“I am Free.”
Ismael Chamu posted those words and a photo of his mug shot to Facebook on Thursday evening. What followed was a detailed account of how Berkeley Police Department allegedly racially profiled, unlawfully detained and held him in jail for two days without explanation or justification.
Chamu, a campus senior, said he and a friend were walking along Piedmont Avenue about 2 a.m. after returning from a hike above campus when two officers approached them. After the officers informed the pair that they matched the description of suspects in a nearby burglary, Chamu alone was handcuffed and thrown into a police SUV.
According to BPD arrest-log data, Chamu was arrested for possessing a switch blade knife.
“I asked why I was being detained. (The police officer) said I wasn’t under arrest,” Chamu alleged in an interview with The Daily Californian. “I asked, ‘Why am I being thrown in jail?’ He said, ‘You already know why.’ ”
According to Chamu, who is Mexican, his friend who was with him when the detainment occurred is also Latino, but has “zero-to-no accent and very light skin; they told (his friend) to not hang out around here this late at night and let him go.”
After being detained, Chamu alleges that he was strip-searched, fingerprinted and held in Berkeley City Jail for more than 30 hours before being transferred to an Oakland jail, where he was eventually released to family Thursday evening about 6 p.m.
While detained in Oakland, Chamu describes allegedly being mocked by a sheriff. “He made a joke that I thought was the most personal. He said, ‘How have you frijole?’ ” Frijole translates to “bean” in Spanish.
According to Chamu, he repeatedly asked officers if he could speak to a lawyer throughout his detainment, but was never given right to counsel.
Because of his detainment, Chamu alleged he missed scheduled interviews for both a fellowship and a scholarship. Chamu alleged that he was also unable to go to his shift at the restaurant he works at and believes he has lost his job because of the unexpected absence.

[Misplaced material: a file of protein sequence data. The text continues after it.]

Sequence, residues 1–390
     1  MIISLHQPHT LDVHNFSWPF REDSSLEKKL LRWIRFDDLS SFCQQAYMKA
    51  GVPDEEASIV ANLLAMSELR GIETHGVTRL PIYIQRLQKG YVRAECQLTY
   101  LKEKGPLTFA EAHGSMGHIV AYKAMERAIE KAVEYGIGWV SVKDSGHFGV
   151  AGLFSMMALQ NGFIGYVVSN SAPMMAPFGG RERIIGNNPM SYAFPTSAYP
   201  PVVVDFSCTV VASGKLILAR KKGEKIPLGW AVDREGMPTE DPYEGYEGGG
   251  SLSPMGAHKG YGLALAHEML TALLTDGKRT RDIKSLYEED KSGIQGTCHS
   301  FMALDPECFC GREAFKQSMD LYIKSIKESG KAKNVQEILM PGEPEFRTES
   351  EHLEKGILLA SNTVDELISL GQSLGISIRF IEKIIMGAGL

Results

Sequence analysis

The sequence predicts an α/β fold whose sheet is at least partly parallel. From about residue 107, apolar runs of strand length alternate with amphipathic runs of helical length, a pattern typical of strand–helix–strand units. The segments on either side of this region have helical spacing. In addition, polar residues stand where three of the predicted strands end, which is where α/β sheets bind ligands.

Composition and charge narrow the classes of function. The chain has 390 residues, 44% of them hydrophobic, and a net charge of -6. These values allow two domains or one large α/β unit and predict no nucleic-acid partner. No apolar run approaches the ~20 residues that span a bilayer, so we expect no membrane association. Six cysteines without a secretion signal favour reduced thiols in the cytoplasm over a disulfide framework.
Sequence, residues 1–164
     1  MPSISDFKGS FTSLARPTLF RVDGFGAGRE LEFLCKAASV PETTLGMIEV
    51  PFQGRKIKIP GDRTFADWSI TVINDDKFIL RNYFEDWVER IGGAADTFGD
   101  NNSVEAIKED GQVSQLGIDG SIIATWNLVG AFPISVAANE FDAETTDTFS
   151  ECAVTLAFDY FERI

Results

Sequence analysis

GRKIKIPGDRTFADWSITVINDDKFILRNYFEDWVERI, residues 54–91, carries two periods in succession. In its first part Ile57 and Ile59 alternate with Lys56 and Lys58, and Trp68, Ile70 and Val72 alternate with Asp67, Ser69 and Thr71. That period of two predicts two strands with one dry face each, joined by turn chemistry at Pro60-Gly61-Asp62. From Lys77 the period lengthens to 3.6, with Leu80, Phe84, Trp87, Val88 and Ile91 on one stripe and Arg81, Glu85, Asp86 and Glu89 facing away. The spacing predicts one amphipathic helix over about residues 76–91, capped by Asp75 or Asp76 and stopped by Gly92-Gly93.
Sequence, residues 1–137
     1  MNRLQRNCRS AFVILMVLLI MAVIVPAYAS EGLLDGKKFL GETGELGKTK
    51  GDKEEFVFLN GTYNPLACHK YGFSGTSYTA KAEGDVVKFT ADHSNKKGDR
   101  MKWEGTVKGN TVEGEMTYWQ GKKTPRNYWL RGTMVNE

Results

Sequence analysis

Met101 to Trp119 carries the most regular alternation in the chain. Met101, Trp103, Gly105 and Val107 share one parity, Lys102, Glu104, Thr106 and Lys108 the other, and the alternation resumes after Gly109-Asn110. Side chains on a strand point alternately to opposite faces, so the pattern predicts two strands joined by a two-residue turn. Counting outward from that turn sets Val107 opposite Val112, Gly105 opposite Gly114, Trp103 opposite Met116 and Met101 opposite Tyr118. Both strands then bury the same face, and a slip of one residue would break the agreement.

“My rights were not read. They did not give me counsel. Nobody knew. I literally just disappeared,” Chamu alleged.
According to an emailed statement from BPD spokesperson Sgt. Andrew Frankel, “Chief Greenwood directed police staff to investigate the allegation. As Mr. Chamu’s allegations are part of an ongoing investigation, we won’t have any more details to share.”
Chamu alleges he is seeking “at least an apology” from BPD but has not been contacted by them since the detainment.
Chamu expressed difficulty with sleeping and eating since his detainment. He is planning on going to counseling as soon as possible but would not comment on any plans for legal action.
The Facebook post Chamu wrote late Thursday evening has now been shared more than 4,000 times and amassed almost 6,000 — predominantly angry — reactions.
On Friday, the ASUC released a statement signed by every senator-elect, save for Pirate Party Senator-elect Sunny Aggarwal, reacting to the allegations.
“The violent detainment and arrest of Ismael Chamu, on the morning of June 27 by Berkeley City police officers, is a result of racial profiling and state violence that should not be tolerated by the City of Berkeley, University of California, Berkeley, or any community,” read the statement.
Mayor Jesse Arreguín said in an emailed statement that “the city is looking into the allegations. We take them seriously and want to get the facts about what happened.”
Some of the reactions, however, have not been so constructive. According to Chamu, people have questioned the allegations he has made against BPD, saying such things as “Why was he walking at two in the morning. Why was he wearing a hoodie?” Chamu says these are irrelevant questions.
“People are trying desperately to justify what happened to me. … I wasn’t charged with anything,” Chamu alleged. “They picked me up off the side of the road for no reason — that is not OK.”
A previous version of this article incorrectly stated the ASUC signatories were Senators. In fact, they are all Senators-elect.